Life isn’t the way it is supposed to be. It just is.
One of the most prominent figures of the late 1800’s and early 1900’s was William Jennings Bryan. He was known by almost everyone in America as a presidential candidate as well as one of the finest orators they had ever heard. Bryan said, “Destiny is not a matter of chance; it is a matter of choice. It is not a thing to be waited for; it is a thing to be achieved.”
He was so right! One of the greatest, most powerful tools you have in your possession is the power to choose. You can choose to make something of yourself, or you can choose to sit on your butt. You can choose to use your God-given talents, or you can complain about the fact you don’t have more talent. You can choose to be happy or unhappy.
Unfortunately, I come across an awful lot of people who don’t use their power to choose — or at the very least, they don’t choose wisely. They muddle through life, avoiding choice, hoping things will work out. Or they somehow think life isn’t fair; it isn’t the way it is supposed to be, so why bother.
Highly successful people, on the other hand, make deliberate choices. And their choices lead to lives of quality and careers of achievement.
I remember meeting a couple at one of my Peak Performance Boot Camps. They had recently lost their little boy. “It was all so sudden,” the mother told me. “One moment Michael was in the house eating lunch, and the next moment he was hit by a car while he was riding his bike.”
I asked how long ago the accident happened. She replied, “Eight weeks ago.”
I told them they seemed to be handling the tragedy rather well, considering how recently it had occurred. So I asked them, “What’s your secret?”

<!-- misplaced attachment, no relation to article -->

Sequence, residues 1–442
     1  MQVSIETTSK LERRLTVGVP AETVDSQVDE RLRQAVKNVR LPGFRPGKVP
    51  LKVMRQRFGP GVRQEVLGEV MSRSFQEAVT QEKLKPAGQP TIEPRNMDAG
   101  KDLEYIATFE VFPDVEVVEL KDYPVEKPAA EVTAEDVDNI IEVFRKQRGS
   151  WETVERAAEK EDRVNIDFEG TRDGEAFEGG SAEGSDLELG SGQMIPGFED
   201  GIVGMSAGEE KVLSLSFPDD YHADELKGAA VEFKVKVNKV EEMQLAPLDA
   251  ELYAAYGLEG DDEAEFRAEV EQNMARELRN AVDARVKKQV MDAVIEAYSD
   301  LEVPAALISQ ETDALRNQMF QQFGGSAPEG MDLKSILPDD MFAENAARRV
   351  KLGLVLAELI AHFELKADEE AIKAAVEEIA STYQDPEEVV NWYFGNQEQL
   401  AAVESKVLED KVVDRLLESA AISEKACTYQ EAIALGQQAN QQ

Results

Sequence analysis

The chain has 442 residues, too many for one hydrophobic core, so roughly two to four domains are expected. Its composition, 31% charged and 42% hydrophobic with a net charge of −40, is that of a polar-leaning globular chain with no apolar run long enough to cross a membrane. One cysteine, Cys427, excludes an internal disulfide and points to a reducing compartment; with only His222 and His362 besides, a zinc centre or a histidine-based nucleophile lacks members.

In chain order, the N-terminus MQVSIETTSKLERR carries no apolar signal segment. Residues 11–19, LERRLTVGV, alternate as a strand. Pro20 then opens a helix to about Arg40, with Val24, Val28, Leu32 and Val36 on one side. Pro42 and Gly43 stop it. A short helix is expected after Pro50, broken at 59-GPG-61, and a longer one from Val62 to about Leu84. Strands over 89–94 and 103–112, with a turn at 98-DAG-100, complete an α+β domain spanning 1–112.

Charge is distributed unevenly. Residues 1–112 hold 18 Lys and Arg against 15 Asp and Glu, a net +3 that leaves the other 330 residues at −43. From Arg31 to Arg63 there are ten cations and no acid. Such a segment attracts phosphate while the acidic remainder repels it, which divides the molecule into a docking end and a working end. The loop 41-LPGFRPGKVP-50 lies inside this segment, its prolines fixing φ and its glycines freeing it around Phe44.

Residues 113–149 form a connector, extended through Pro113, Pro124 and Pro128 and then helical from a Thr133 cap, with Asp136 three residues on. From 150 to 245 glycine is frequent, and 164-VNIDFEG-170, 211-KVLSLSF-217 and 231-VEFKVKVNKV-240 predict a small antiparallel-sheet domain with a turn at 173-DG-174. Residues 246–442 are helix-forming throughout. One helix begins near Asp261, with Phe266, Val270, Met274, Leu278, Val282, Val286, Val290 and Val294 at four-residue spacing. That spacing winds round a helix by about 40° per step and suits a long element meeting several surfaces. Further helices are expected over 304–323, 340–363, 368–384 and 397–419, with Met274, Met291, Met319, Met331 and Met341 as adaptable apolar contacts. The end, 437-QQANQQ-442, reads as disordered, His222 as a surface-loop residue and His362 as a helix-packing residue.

The husband responded, “It would have been very easy to let our son’s death destroy our family. We all loved him so much. But we have three younger children, and we didn’t want to hang a cloud over their heads that might last forever. So we all chose to talk about Michael’s death and how our family could grow stronger. We chose not to be defeated by this tragedy.”
They had used their power to choose. And there is no situation or circumstance you will ever face in life in which a choice does not exist. You will always have a choice, and your choices will determine the outcomes of your life.
Bill Gates, the famous or infamous founder of Microsoft, talked about “real life” in a speech he gave to Mt. Whitney High School in Visalia, California. He told them they had been fed a lot of “feel-good,” “politically correct” teachings that would lead them to their demise. He urged them to “choose” a different set of beliefs.
Gates urged them to follow the 11 rules found in Charles Sykes’ book, Dumbing Down Our Kids. I think the eleven rules are worth quoting. He takes the notion of “life isn’t what it’s supposed to be” and basically says, “Get over it. Choose a new set of beliefs and a new set of behaviors based on what works in the real world.”
Here are the 11 rules — along with my commentary.
“Rule 1: Life is not fair — get used to it!”
Joyce Landorf is a good example of this. Despite the fact she is the author of more than twenty books, an accomplished singer, and a radio show host — and despite the fact her life has been devoted to inspiring others — Joyce is in almost constant pain.
She suffers from a disease of the jaw. The pain is so excruciating at times that she can barely function. Of course she would give almost anything to be free of the pain, but she chooses to keep on helping others. And thousands could testify to the fact that her work has greatly enriched their lives.